How do we balance the need to ensure that south Asian and other ethnic restaurants can develop the skills of staff already resident here against the importance of not allowing, say, Bangladeshi cuisine in this country to be cut off from the culture in which it originated? As the hon. Lady is aware, chefs and cooks were included on the list of skilled occupations that the Government published last November, as undertaking an occupation in which we consider there to be shortages in the labour market that could sensibly be filled by people from outside the European economic area. We took that decision based on advice from the Migration Advisory Committee, which is reviewing the evidence on skilled chefs.
Before that review concludes, the Government and key industry partners will attend a summit called by People First—the sector skills council for the industry, run by the industry—to discuss how to manage the transition from imported to indigenous skills. Our aim is to develop a partnership plan to ensure that we have the required skills and qualifications to meet the industry’s needs. The Guild of Bangladeshi Restaurateurs will be invited to the ethnic chef summit. Specific ethnic chef training is available. Employers can work with Train to Gain brokers to develop accredited qualifications, and the summit will look at developing further the work that is already being done. I accept that it will always be beneficial for ethnic cuisine in this country to refresh itself through the skills of people from the countries where it has its roots. Likewise, there will always be benefits in home-grown ethnic chefs gaining opportunities to hone their skills abroad. The state of the curry industry matters deeply to the Government and to the vast majority of people. I can assure the hon. Lady and the House that, in our efforts to safeguard British businesses and jobs—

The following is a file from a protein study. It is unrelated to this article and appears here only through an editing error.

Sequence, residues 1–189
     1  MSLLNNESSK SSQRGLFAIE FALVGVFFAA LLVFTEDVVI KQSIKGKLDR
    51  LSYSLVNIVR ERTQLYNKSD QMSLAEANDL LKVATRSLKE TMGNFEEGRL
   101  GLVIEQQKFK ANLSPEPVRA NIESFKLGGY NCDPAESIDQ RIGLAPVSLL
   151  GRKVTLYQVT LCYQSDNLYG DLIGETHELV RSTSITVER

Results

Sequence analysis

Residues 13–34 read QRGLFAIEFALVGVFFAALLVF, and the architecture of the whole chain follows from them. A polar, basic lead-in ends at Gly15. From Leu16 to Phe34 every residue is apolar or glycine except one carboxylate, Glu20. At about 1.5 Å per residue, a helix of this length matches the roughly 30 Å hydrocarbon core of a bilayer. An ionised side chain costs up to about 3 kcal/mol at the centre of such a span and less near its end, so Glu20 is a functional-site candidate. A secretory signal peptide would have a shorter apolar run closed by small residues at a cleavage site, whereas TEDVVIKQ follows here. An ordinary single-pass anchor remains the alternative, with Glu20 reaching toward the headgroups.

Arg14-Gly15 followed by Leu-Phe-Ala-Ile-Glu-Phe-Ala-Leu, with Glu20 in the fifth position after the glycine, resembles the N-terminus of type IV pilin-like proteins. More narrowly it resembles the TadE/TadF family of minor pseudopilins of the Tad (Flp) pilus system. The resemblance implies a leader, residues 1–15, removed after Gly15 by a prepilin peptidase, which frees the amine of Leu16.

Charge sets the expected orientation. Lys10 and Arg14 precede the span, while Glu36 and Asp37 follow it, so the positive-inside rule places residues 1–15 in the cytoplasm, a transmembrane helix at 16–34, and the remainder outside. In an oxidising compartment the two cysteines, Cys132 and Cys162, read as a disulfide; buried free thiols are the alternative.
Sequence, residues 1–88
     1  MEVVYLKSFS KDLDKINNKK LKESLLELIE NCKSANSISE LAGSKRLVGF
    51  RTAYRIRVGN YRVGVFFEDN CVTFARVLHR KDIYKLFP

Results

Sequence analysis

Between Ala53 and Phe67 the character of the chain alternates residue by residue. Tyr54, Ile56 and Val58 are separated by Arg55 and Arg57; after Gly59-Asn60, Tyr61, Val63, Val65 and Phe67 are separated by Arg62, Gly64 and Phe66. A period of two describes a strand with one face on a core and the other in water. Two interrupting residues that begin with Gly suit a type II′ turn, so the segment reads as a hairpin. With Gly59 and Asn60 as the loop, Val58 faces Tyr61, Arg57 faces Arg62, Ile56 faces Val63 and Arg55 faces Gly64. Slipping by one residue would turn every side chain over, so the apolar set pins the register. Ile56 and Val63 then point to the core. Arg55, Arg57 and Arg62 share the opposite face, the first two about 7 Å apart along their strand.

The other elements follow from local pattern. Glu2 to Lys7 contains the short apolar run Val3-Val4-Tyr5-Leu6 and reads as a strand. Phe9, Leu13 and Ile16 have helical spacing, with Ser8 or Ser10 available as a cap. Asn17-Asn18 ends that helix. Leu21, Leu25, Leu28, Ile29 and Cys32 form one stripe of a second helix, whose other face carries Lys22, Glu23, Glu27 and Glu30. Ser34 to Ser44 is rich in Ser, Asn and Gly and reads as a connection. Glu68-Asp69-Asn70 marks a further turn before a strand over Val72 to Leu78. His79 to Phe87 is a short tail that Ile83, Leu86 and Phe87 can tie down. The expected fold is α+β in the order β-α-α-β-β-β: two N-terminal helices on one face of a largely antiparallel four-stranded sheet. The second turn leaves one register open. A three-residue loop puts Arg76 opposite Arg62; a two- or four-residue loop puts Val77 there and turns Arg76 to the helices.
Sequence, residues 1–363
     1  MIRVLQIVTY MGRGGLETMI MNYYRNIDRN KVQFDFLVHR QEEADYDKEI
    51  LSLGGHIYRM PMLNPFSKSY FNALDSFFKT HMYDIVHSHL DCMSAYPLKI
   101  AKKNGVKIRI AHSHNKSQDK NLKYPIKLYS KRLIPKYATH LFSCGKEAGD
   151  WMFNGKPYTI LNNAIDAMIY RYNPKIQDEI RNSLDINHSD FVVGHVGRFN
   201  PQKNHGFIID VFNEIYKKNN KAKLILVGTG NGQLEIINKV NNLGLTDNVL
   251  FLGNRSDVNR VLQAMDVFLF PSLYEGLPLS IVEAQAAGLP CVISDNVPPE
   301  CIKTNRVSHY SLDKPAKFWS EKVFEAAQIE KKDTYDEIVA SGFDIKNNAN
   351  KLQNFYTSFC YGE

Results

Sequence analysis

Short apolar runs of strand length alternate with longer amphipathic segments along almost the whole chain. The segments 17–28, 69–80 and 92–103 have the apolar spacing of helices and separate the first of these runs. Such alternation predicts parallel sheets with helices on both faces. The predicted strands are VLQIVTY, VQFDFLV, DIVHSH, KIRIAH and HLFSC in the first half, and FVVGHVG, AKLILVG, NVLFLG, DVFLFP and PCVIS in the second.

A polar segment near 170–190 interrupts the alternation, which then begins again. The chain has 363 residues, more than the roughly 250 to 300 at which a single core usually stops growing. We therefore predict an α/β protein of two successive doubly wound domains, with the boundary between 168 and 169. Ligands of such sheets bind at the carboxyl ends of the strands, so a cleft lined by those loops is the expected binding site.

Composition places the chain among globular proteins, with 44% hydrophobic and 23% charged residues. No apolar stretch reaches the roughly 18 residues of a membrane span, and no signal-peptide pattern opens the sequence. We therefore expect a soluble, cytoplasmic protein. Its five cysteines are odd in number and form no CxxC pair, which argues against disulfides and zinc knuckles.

I am happy to use my offices to ensure that the question of a London catering college is on the agenda of the Government-sponsored, but industry-led, ethnic chef summit, which is planned later this year.
On that note, may I conclude by restating how important the issue is, and that the Government are committed to getting it right? We are committed to supporting and developing the ethnic restaurant industry in this country, and I again congratulate the hon. Lady on bringing the matter to our attention.